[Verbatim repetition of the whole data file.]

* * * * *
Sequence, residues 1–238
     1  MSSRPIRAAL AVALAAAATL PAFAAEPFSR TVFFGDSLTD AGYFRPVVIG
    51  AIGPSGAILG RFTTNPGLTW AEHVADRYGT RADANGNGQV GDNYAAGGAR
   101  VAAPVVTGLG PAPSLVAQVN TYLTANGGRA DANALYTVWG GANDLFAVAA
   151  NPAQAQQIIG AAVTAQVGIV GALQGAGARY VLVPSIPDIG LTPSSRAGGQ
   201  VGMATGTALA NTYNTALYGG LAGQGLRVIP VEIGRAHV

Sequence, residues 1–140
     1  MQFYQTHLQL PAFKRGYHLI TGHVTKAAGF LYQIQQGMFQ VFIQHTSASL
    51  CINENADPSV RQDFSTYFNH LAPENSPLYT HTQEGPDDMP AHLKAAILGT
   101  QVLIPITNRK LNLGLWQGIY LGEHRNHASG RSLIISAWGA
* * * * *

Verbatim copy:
Sequence, residues 1–238
     1  MSSRPIRAAL AVALAAAATL PAFAAEPFSR TVFFGDSLTD AGYFRPVVIG
    51  AIGPSGAILG RFTTNPGLTW AEHVADRYGT RADANGNGQV GDNYAAGGAR
   101  VAAPVVTGLG PAPSLVAQVN TYLTANGGRA DANALYTVWG GANDLFAVAA
   151  NPAQAQQIIG AAVTAQVGIV GALQGAGARY VLVPSIPDIG LTPSSRAGGQ
   201  VGMATGTALA NTYNTALYGG LAGQGLRVIP VEIGRAHV

Sequence, residues 1–140
     1  MQFYQTHLQL PAFKRGYHLI TGHVTKAAGF LYQIQQGMFQ VFIQHTSASL
    51  CINENADPSV RQDFSTYFNH LAPENSPLYT HTQEGPDDMP AHLKAAILGT
   101  QVLIPITNRK LNLGLWQGIY LGEHRNHASG RSLIISAWGA